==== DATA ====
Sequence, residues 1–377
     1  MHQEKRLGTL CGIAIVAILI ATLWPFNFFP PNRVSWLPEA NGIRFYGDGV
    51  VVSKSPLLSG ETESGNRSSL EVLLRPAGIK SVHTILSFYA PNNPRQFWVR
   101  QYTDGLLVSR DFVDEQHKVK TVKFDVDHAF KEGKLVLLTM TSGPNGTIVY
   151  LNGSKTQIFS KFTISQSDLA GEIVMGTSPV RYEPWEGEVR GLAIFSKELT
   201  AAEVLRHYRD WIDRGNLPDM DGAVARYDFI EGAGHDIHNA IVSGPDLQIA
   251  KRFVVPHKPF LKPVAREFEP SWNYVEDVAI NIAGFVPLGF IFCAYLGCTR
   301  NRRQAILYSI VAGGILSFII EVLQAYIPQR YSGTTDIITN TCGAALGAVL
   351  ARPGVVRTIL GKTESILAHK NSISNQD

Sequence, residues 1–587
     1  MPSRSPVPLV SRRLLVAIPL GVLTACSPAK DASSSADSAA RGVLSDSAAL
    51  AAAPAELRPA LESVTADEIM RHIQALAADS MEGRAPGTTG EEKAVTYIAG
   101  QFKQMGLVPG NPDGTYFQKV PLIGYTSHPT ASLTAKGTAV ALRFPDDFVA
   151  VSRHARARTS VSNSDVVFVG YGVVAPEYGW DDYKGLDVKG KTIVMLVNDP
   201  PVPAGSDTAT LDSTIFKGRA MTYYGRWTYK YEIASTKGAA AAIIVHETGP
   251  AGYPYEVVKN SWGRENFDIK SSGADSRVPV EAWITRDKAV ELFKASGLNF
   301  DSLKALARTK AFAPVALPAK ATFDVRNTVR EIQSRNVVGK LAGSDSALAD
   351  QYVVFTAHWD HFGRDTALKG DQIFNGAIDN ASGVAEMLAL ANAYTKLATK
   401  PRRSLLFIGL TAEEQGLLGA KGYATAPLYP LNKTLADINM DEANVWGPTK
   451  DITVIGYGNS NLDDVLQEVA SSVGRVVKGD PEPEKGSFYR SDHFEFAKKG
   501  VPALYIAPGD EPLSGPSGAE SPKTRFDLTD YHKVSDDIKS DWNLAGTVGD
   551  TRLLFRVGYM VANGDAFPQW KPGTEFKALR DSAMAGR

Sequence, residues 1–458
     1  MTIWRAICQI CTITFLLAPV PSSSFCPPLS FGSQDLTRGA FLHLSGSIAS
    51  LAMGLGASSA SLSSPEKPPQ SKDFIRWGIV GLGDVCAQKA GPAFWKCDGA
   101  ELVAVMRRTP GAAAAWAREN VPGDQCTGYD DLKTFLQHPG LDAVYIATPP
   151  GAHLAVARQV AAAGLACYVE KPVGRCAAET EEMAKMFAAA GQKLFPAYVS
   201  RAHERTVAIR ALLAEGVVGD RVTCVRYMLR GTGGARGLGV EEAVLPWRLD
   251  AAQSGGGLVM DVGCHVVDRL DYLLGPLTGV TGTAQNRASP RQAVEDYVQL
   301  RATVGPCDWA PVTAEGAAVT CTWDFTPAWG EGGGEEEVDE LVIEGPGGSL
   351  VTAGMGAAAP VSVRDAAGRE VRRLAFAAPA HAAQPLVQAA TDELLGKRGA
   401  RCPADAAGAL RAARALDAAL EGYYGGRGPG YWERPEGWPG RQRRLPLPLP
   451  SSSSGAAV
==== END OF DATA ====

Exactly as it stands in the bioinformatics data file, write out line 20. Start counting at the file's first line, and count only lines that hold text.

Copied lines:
   451  DITVIGYGNS NLDDVLQEVA SSVGRVVKGD PEPEKGSFYR SDHFEFAKKG